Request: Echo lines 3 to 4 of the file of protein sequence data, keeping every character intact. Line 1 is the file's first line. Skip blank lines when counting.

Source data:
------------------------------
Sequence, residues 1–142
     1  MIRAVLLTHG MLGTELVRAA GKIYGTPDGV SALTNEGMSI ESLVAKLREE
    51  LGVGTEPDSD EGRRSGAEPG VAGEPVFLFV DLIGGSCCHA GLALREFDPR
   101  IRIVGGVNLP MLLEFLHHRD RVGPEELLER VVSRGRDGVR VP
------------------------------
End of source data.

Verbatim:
    51  LGVGTEPDSD EGRRSGAEPG VAGEPVFLFV DLIGGSCCHA GLALREFDPR
   101  IRIVGGVNLP MLLEFLHHRD RVGPEELLER VVSRGRDGVR VP